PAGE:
|Jedi Knight Banned from taking Light Sabre into School - February 10th 2010|
Keith Wilson, a practising Jedi Knight from West Norfolk, has been forbidden from taking his ceremonial light sabre into school after his head teacher declared that possession of it violated the school's knife policy. The 14 year old student, who was born to Jedi Knight parents in 1995 and has been a practising Jedi Knight his entire life said that the decision was a great shock to him as carrying the weapon at all times was an important part of his faith.
“I am appalled that the school would discriminate against me in this way,” He explained calmly, however it shortly turned to anger: “It is ridiculous, a light sabre is not a knife. It is does not have a metal blade! How dare they humiliate me by comparing it to something you spread butter with. My light sabre would boil butter.”
Before he could continue his mother entered the room and admonished him for his temper reminding him that anger leads to hate and hate leads to suffering and that was a key lesson of the verses of Episode 1.
Keith continued to explain that he took his light sabre everywhere with him, be it to the cinema, on a plane or in the bath. He explained that to avoid electrocution whilst bathing he merely used the force to hover the device above his head so it was with him at all times. He said that failure to have the device within easy grasp was simply leaving oneself open to 'Death by Sith'
Jedi Knights are only allowed to take their light sabres onto planes provided they switch them off whilst the plane is moving.
Meanwhile, the head teacher of Keith's school, Dennis Bock, defended his decision to ban the light sabre.
“To begin with, I did not even know that he was bringing a light sabre to school,” Mr Bock explained, “He kept it hidden under his Jedi robes and everyone was ignorant of its presence. The trouble is that during a lunch break a couple of weeks ago Keith was involved in a dispute with some fellow students which resulted in him drawing his light sabre and leaping around the playground like Darth Maul.
“The brandishing of the weapon was clearly a major concern to me, I have seen the entire Star Wars series dozens of time – they are the most powerful weapon in the universe, more powerful than a nuclear bomb or a death star, and most definitely more powerful than a photon torepedo – it would therefore be highly irresponsible of me to allow such a device into my school. And now the Year 11s know that he is carrying one – they will undoubtedly corner him in the toilets and flush his head down the toilet until he hands it over.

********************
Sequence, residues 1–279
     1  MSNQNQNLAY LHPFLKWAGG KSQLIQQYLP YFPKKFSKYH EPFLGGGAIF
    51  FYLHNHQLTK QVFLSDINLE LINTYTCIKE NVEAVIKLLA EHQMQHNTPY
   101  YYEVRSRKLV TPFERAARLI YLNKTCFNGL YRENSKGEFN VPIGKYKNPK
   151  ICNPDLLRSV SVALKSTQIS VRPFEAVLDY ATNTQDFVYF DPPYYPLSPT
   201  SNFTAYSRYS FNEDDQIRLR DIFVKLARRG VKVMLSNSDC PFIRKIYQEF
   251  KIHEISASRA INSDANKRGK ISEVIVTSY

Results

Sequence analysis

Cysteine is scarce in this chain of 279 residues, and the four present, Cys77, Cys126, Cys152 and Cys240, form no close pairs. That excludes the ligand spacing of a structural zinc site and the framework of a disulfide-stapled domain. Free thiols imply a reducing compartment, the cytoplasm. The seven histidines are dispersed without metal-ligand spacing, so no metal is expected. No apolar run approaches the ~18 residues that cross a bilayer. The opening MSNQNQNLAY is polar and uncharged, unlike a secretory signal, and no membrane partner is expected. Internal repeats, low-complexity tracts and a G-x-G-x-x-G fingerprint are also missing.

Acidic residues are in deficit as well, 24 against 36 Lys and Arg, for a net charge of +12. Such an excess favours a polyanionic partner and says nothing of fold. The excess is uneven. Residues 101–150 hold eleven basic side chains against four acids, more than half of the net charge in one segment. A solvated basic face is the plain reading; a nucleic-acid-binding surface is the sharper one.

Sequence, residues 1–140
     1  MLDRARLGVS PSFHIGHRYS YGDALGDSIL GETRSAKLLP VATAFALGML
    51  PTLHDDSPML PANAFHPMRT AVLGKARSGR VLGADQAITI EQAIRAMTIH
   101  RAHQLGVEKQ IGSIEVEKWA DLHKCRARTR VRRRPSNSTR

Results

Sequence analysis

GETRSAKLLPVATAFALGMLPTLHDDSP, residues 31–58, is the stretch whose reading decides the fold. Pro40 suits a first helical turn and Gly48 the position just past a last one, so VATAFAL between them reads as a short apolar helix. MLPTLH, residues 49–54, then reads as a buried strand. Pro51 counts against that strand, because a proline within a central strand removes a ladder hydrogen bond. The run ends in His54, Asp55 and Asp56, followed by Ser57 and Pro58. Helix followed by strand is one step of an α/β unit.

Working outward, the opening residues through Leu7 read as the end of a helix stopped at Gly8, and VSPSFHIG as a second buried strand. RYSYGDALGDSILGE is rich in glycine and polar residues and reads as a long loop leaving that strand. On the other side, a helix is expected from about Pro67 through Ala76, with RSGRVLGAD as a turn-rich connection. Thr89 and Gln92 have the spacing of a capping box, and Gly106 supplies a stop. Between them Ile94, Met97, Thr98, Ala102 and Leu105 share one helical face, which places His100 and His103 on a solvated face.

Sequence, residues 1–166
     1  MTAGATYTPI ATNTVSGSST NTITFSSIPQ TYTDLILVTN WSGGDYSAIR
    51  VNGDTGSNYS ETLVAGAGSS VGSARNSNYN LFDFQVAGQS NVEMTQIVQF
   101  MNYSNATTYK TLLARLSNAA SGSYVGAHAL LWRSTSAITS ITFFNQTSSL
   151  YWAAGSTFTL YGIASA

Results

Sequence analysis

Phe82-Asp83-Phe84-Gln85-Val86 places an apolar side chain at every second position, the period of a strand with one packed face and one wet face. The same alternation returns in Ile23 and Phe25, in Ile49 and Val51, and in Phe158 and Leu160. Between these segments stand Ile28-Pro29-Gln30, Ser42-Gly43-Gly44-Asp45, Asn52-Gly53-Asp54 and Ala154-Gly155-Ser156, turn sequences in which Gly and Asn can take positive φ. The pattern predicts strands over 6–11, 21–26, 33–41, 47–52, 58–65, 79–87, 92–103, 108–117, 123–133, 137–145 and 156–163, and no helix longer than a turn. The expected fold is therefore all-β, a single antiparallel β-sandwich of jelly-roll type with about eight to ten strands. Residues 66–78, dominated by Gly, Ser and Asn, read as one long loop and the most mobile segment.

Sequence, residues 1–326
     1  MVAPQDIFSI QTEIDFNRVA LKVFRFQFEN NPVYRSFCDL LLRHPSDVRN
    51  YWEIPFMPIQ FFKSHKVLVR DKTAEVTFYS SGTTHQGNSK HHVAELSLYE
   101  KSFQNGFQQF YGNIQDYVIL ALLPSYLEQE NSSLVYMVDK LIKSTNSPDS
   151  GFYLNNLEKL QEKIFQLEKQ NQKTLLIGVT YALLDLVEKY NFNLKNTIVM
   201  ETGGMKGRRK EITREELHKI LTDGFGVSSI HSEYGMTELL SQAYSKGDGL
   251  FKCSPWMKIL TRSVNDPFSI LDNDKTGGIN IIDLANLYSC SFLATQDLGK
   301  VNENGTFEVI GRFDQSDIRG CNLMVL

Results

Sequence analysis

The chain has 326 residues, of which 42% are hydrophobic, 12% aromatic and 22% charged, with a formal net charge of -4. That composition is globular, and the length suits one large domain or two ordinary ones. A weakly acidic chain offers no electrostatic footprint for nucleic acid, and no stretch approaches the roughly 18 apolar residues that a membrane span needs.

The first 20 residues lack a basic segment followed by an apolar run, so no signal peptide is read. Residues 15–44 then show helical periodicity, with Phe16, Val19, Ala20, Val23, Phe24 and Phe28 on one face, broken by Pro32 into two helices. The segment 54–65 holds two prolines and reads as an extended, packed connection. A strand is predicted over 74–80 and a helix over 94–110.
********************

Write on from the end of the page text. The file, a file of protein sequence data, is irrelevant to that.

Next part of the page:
“But that is not my most serious concern. Like I said, he was jumping around like Darth Maul – giving all those wide eyed evil facial expressions. I am concerned he has been tempted by the dark side and whilst I can ban light sabres, I can't ban that dark side force lightning – how am I meant to discipline a student who can force choke or force lightning any teachers he has a disagreement with?”
The incident has caused fury in the tabloid press, who have claimed it is demonstrating the preferential treatment of minor religions over Britain's native religion:
“It is ridiculous,” One blogger commented, “Last week we had that Sikh guy wanting Sikhs to take the Kirpan, that Sikh knife thing, into schools, but they are still allowed to wear their turbans. This week we have Jedis wanting to take light sabres in, but they are still allowed to wear their Jedi Knight robes.
“They get to wear their outfits, but my kid isn't allowed to go to school in a loose fitting tracksuit with trainers and a big gold chain bought from Argos. He has to wear the 'school uniform' – and as soon as he puts his cellphone onto speaker mode to play his favourite tunes, he's called a 'chav' by his classmates and has it confiscated by the teacher.
“So much for religious sensitivity to the indigenous population.”
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